After Daniela Martucci’s recent experience with Ford, she will probably never rent or purchase a Ford vehicle again. That’s because Ford apparently did everything in its power to drive her away as a customer.
First she says Ford leased her a bad car. Then it refused to pay for damage to the car that occurred while the car was in Ford’s care. And finally, it refused to cover the cost for the rental car Martucci was forced to use.
One month after Martucci leased a 2016 Ford Explorer Platinum, its transmission broke while Martucci was driving it from Miami to Orlando. The car was still under warranty. Ford’s Roadside Assistance service gave her a tow to the closest dealer, Tropical Ford in Orlando, where Martucci was told by a customer service representative that Tropical Ford would arrange for a rental car from Hertz to replace the Explorer while it was repaired.
The rental replacement car turned out to be a Ford Transit commercial use van — not a vehicle for personal use. And it had an exhaust problem. Martucci had to request a replacement for the rental vehicle — which turned out to be a Kia.
Martucci had to wait 27 days for her Explorer to be repaired. And when the Explorer was finally returned to Martucci, it had a dent in the rear passenger door and right rear wheel. According to written notation by the tow truck driver, Tropical Ford had told him that the dents were caused by the tow truck provided by Ford’s Roadside Assistance when it towed the Explorer to the dealership.
But Martucci had documentation from Tropical Ford indicating that there was no damage to the car other than the broken transmission — and she had never received any notification from Tropical Ford of any damage caused by the tow truck.
Ford refused to pay for the second rental car because it was not a Ford, and to take any responsibility for the damage caused by the tow truck.
According to Ford’s Warranty Guide for the 2016 Explorer, “You [the owner/lessee] will not be charged for repairs covered by any applicable warranty during the stated coverage periods, unless specifically stated elsewhere in this guide.” It also holds that
You may have some implied warranties. For example, you may have an implied warranty of merchantability (that the car or light truck is reasonably fit for the general purpose for which it was sold) or an implied warranty of fitness for a particular purpose (that the car or light truck is suitable for your special purposes), if a special purpose was specifically disclosed to Ford itself not merely to the dealer before your purchase, and Ford itself not just the dealer told you the vehicle would be suitable for that purpose.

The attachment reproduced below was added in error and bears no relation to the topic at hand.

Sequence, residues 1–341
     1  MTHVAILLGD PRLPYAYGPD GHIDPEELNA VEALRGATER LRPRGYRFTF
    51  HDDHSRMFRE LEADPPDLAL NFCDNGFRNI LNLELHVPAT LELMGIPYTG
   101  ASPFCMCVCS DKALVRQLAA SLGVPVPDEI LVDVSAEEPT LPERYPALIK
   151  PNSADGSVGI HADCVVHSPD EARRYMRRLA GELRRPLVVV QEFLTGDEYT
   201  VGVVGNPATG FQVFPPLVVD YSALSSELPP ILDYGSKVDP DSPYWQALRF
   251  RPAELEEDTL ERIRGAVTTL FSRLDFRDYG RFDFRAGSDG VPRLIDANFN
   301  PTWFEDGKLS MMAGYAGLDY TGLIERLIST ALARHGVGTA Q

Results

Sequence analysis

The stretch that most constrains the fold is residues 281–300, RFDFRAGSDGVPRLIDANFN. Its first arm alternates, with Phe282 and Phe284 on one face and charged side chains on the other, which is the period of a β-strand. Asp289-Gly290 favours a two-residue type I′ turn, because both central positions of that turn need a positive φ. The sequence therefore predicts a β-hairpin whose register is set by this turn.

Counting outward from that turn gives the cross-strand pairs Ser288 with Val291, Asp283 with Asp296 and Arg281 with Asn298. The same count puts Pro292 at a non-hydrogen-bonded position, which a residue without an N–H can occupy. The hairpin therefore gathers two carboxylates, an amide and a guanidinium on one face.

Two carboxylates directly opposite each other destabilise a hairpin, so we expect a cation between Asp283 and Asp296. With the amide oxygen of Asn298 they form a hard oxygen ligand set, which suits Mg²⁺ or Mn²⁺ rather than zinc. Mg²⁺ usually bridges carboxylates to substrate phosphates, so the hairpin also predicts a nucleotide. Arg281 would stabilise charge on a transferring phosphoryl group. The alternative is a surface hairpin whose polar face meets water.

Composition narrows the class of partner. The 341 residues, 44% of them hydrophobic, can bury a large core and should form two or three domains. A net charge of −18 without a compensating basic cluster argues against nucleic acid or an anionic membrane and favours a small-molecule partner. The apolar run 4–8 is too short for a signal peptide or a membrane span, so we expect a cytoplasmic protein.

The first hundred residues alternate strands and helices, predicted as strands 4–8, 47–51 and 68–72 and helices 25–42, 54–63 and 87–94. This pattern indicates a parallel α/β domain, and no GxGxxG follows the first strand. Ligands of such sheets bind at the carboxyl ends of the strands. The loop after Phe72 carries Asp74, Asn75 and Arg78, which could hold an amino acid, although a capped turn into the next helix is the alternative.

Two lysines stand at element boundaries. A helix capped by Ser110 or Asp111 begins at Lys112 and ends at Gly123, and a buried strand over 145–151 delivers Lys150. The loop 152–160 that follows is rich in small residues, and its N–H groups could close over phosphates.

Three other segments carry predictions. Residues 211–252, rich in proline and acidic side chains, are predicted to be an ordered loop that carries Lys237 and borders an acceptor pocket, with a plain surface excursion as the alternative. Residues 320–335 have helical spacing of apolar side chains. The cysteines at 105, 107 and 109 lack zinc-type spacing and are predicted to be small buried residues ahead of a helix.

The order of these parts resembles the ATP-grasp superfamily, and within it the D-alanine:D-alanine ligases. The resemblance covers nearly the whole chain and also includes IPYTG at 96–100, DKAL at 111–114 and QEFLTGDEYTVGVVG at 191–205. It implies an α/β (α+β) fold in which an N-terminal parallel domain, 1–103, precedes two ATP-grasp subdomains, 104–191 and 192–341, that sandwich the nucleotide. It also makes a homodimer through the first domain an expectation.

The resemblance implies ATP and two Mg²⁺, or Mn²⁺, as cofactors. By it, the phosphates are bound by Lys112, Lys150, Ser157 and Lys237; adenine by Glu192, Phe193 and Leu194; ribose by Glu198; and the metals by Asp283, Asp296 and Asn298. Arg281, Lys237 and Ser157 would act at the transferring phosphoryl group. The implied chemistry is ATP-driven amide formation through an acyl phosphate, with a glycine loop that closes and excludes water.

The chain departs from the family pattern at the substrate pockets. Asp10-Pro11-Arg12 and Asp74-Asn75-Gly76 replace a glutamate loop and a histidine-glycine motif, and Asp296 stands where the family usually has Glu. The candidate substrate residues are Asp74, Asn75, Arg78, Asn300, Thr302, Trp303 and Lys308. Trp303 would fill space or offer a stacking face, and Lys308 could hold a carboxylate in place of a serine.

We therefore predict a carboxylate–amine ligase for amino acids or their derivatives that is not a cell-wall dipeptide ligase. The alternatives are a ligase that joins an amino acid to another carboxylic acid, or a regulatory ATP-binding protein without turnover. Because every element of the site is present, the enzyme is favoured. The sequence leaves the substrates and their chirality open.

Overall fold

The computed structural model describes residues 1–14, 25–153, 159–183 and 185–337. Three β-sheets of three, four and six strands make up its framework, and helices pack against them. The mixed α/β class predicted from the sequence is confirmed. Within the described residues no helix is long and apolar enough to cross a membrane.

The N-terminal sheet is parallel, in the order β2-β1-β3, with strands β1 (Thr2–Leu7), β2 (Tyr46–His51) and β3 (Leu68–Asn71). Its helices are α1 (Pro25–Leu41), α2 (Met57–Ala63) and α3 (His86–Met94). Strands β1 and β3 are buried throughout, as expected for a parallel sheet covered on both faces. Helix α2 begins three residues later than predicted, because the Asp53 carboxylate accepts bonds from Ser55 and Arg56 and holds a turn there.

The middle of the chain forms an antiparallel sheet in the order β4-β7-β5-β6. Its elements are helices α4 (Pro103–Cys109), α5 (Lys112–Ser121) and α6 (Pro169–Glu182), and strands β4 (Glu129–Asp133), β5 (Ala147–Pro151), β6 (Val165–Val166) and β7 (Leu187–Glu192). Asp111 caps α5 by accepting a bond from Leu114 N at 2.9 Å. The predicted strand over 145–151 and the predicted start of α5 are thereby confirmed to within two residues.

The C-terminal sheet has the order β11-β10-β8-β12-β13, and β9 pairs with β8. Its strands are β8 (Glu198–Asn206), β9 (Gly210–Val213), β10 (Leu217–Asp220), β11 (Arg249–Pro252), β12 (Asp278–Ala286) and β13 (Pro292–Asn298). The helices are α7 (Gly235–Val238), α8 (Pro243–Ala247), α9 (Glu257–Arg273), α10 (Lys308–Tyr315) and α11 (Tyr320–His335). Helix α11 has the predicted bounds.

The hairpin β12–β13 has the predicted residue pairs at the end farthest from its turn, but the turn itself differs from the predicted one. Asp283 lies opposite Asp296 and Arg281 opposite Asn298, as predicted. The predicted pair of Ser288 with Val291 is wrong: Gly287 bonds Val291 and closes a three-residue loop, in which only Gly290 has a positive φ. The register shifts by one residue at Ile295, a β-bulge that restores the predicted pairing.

These implied warranties are limited, to the extent allowed by law, to the time period covered by the written warranties, or to the applicable time period provided by state law, whichever period is shorter.
Thus, Martucci should have had an implied warranty that her Explorer was reasonably fit for general use, including a road trip from Miami to Orlando one month after she acquired the vehicle. Also, the warranty specifically covers repairs to the transmission and roadside assistance, including the cost of towing the vehicle to the nearest Ford dealership.
But the warranty continues with: “Ford does not assume or authorize anyone to assume for it any other obligation or liability in connection with your vehicle or these warranties.”
So Ford made Martucci a number of promises. But because there are different possible interpretations of the language Ford used in its warranty, it isn’t clear whether Ford will honor those promises or disclaim responsibility for any or all of them.
Under Florida’s Lemon Law, “if the manufacturer fails to conform the vehicle to the warranty after a reasonable number of attempts to repair these defects, the law requires the manufacturer to buy back the defective vehicle and give the consumer a purchase price refund or a replacement vehicle….If the manufacturer does not provide a refund or a replacement vehicle, consumers may invoke their rights through one or two arbitration programs.”
Since Martucci hasn’t received a new Ford Explorer or a refund, she could submit her dispute with Ford to a state-certified arbitration program in Florida. If the program doesn’t issue a ruling in 40 days or she isn’t satisfied with the program’s ruling, her next step would be to escalate her claim with Ford to the Florida New Motor Vehicle Arbitration Board, which is administered by the Florida Office of the Attorney General.
Martucci contacted our advocacy team to help her get reimbursement from Ford for the damage caused by the tow truck and for the rental car costs — as promised by Tropical Ford’s representative. And after everything she went through with Ford, that seems like the least they can do for her. As she asked us in her request for assistance, “Is there anything I can do against the injustice?”
Update: After sending a certified letter and email to the CEO of Ford, Mark Fields, Martucci finally got a reply from his office. Ford will be paying for the repairs to Martucci’s Explorer and will send her a reimbursement check for the rental.